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A field of crude oil containers

Likewise, they use similar techniques to watch the parking lots of 60 different retail chains, and to assess their results. They measure the density of cars in the lots, and using Google Street View — they guesstimate which stores people are likely to enter. And that’s why Sequoia and Bloomberg Beta have invested $8.7 million into the startup.

Bob Picciano, SVP of IBM Analytics, pointed out that the impact of IoT won’t be the Things, it will be the way the data can be analyzed to shape downstream innovation.

The goal is to be able to predict economic trends based on AI-derived information about human behavior at the macro-economic level that is hard to determine otherwise. Fairly soon, companies like Orbital Insight and Google — who acquired Orbital Insight competitor Skybox, last year — will soon be analyzing the numbers of cars on highways, transport ships in ports, trains carrying coal and oil, and barges shipping grain based on aerial imagery, and deriving a better sense of economic activity — in advance — than other techniques can yield.

Imagine the deluge of data we will be seeing in the very near term from major investments in the Internet of Things. This week, I attended the launch of IBM’s Internet of Things business unit, an ambitious, $3 billion investment over the next few years. Bob Picciano, SVP of IBM Analytics, pointed out that the impact of IoT won’t be the Things, it will be the way the data can be analyzed to shape downstream innovation.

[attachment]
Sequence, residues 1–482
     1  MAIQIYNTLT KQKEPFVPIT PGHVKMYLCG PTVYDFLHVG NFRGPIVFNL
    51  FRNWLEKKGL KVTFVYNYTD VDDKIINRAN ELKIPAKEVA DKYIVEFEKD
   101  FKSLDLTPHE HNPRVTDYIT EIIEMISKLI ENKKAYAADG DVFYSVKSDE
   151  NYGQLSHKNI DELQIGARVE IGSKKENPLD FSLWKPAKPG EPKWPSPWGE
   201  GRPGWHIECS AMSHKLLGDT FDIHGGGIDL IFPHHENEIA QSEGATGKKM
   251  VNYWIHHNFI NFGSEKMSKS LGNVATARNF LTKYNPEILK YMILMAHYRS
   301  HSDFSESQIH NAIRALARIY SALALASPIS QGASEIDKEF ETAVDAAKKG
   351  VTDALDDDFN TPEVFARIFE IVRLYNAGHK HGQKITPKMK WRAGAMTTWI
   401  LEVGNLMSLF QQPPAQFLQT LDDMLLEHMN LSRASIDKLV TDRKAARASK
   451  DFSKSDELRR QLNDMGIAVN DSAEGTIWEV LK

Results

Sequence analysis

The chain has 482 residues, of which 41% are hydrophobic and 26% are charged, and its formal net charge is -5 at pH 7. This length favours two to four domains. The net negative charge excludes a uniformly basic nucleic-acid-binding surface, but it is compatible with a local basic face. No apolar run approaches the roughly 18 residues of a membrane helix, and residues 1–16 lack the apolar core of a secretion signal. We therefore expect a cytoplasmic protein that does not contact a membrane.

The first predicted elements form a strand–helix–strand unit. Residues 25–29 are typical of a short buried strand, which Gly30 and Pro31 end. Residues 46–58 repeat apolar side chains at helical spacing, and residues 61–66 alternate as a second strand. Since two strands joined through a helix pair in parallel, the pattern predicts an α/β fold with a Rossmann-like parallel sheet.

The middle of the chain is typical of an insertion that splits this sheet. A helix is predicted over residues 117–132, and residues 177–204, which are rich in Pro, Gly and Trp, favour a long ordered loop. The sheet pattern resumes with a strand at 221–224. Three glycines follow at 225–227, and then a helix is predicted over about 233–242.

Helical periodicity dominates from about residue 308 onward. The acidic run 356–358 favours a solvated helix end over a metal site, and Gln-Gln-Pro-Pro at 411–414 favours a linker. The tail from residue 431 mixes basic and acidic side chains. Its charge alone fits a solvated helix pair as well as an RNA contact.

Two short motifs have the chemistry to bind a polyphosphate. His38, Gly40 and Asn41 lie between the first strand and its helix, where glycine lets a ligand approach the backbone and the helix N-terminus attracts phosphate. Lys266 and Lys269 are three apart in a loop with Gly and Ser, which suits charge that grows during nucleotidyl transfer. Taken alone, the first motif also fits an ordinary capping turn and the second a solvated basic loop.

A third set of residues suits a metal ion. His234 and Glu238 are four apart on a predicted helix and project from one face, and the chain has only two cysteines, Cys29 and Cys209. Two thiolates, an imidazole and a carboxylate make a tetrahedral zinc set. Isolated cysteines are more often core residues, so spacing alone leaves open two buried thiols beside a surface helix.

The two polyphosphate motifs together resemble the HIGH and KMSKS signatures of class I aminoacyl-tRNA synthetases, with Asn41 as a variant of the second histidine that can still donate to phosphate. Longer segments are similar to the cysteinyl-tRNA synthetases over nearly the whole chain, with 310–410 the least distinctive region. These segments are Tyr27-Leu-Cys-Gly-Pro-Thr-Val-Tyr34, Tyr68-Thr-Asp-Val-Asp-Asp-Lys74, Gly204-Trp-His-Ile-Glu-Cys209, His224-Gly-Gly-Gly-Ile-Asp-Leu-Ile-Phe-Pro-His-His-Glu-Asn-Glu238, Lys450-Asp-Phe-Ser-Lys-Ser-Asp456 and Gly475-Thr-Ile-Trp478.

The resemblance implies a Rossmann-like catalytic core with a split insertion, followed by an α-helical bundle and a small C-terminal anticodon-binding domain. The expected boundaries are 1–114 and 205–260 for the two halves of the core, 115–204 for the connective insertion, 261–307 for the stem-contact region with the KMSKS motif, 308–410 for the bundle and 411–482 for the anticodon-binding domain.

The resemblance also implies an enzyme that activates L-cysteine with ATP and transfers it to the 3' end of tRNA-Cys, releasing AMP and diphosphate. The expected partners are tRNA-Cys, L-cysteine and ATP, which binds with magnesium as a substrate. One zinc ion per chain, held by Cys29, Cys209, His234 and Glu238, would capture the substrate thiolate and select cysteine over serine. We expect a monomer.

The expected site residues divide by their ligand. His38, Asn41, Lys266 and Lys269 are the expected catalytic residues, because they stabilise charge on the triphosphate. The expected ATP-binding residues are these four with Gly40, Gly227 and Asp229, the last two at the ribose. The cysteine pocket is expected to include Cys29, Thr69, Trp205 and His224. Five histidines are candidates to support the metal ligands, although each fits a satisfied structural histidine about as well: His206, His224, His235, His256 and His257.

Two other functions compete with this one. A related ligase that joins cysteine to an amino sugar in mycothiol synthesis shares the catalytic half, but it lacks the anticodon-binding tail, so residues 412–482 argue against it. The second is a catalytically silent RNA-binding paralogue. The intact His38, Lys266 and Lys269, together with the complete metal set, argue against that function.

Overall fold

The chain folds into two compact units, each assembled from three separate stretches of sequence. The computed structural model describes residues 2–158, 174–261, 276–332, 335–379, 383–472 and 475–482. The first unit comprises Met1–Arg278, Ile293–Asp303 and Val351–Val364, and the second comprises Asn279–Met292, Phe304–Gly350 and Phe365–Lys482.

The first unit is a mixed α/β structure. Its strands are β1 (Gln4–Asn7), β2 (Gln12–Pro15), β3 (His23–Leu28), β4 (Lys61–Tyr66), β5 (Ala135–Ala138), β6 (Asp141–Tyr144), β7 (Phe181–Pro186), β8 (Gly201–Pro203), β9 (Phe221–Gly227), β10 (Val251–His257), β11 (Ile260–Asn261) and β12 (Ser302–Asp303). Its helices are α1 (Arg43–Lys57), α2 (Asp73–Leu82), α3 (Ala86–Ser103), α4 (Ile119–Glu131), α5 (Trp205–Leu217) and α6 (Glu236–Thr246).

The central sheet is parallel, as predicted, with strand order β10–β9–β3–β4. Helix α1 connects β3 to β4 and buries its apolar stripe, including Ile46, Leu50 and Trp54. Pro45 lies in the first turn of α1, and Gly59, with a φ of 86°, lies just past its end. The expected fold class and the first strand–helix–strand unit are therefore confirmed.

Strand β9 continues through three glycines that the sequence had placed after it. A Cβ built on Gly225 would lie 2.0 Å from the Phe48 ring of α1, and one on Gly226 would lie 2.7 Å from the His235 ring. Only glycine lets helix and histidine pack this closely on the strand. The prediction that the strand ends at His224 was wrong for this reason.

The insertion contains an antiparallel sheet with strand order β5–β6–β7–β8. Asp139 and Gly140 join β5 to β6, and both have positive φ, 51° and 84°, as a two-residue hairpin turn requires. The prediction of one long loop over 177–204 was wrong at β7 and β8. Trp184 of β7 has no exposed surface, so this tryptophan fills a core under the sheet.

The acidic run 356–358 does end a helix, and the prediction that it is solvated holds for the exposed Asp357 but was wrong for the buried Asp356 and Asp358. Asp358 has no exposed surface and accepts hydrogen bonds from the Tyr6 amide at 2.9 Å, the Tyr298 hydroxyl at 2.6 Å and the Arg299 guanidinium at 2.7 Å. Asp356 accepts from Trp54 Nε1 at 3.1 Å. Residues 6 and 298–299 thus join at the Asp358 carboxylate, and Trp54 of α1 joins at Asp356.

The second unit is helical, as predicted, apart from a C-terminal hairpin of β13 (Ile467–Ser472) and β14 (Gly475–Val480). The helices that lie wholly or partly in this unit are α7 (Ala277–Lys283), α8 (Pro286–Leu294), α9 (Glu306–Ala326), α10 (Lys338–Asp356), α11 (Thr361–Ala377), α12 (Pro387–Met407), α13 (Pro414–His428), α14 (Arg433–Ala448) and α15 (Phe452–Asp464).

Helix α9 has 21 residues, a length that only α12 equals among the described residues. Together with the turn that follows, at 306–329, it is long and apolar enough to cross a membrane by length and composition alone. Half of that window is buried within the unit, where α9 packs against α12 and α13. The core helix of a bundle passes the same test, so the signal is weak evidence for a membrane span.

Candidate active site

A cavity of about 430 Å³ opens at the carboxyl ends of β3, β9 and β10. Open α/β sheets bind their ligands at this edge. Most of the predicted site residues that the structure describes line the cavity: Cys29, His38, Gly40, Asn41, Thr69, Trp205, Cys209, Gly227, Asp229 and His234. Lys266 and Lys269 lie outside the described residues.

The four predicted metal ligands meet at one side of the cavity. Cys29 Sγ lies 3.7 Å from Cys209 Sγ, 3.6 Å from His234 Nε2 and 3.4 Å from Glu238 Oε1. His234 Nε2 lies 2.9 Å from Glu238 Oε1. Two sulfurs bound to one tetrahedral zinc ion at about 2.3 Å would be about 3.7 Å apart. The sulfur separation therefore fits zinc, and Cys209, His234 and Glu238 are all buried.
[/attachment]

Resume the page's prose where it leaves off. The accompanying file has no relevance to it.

Consider a manufacturer of next generation IoT-enabled washing machines, where information pulled from hundreds of thousands of units can be analyzed, and new firmware can be downloaded to change the way that the machines wash, and the way they interact with their users. This won’t involve a two to three year product design and development cycle, or even buying a new washing machine. IoT will completely change the users’ experience with the device and the company.

But aerial imagery and Iot aren’t the only source of such insights and innovation. Governments are beginning to push data that also can be mined. My friend Paul Kedrosky found out — around the time of the housing boom and bust — that California had started to freely release feeds of various sorts of information. For example, the California highway department would publish data about what stuff was being found on the state’s highways each week. The number of matresses was surprising. But Kedrosky plotted all the information and discovered what he came to call the Ladder Index.